October 22, 2015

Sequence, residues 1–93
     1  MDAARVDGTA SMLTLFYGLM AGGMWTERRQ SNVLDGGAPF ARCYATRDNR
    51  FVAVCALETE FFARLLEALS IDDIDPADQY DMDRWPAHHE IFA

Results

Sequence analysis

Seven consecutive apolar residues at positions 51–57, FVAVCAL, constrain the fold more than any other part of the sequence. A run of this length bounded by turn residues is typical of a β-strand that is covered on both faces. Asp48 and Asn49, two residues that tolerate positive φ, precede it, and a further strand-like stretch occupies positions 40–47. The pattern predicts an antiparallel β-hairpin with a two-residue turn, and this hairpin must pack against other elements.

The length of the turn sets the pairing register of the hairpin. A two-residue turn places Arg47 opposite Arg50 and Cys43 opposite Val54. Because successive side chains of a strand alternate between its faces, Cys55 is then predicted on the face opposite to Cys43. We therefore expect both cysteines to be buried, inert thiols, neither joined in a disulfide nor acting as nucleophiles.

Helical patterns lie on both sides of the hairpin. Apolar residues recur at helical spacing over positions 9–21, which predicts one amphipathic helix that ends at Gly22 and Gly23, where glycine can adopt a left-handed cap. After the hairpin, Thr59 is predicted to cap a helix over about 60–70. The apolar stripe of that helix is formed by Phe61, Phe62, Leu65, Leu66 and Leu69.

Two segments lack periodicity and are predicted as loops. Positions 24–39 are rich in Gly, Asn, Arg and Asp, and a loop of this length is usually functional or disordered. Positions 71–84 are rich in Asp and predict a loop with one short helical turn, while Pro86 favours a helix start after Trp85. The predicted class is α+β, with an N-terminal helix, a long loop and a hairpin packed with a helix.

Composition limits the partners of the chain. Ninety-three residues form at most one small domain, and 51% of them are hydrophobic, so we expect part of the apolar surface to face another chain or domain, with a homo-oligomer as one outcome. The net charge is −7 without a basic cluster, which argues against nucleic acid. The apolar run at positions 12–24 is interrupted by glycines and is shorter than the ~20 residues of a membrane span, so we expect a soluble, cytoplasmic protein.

Three weeks ago, United Automobile Workers (UAW) rejected a tentative agreement reached with Fiat Chrysler Automobiles (FCA). After lengthy negotiations. Sergio Marchionne and Dennis Williams had reached an accord immediately after extending the negotiations deadline two weeks before that. In response to the first rejection of a labor contract in 30 years, the two suggested another pact on October 8th, just before the planned strikes started. Today, United Automobile Workers officially ratified the concordat recommended in part by the FCA. The first proposal rejected by the rank and file UAW members had a few issues. Most cited was the fact that entry level (tier two) workers were not receiving enough compensation, and did not a have a clear cut path to veteran (tier one) pay. A similar complaint was that, there was (is) no cap on how many entry level could be employed at a time (ideally guaranteeing a path to tier one). This was disconcerting to entry level workers who readily remember all the concessions made in 2007 and 2011 regarding pay and benefits. And, adding acid to their aches was the awareness that the entry level workers at their Detroit rival brands (Ford and General Motors) are capped at 20 percent and just about 20 percent (respectively) while FCA has no cap, and is about 45 percent entry level workers. The latest FCA concordat ratified by the United Automobile Workers did not address tiered worker discrepancy, however the workers were appeased all the same. First, nomenclature was adjusted. Instead of being called tier two or entry level workers; those workers will be referred to as “in progression employees.” Aforementioned employees, will have an eight year track to $29 an hour. Tier one workers still receive $28 an hour, but they can get wage increases up to $30 an hour. The other points of contention involved benefits, and the lack of communication from UAW Bosses. Many workers understood the projected Health Care co op as an attack on the high quality healthcare that they currently enjoyed. Not knowing exactly what the co op proposition contained, I cannot comment, but what is known is that the idea was scrapped. Retirement was also an unresolved controversy. The UAW was critical of a the lack of an annual bonus for retirees in the previous pact. In days past that was common practice, but today the tradition has been replaced by an annual car voucher worth $1000. Thus far, the special compensation does not seem to have been reestablished. Work hours have also been regarded as too rigid. The lack of overtime benefits after working eight hours has been highly denounced as unfair. Vacation implementation is also a concern, the UAW members are against the exercise of being forced to use vacation days during the factory cooldown period. Likely the most dubious, is the sick day deficiency. Presumably the 23 percent of UAW voters that were against the latest agreement attributed it to the scheduling systems. Regardless, ratification was achieved for the concordat, FCA and United Automobile Workers are both satisfied. Now the focus is on Ford and General Motors, the first of which being GM. It is feasible that those negotiations have already started.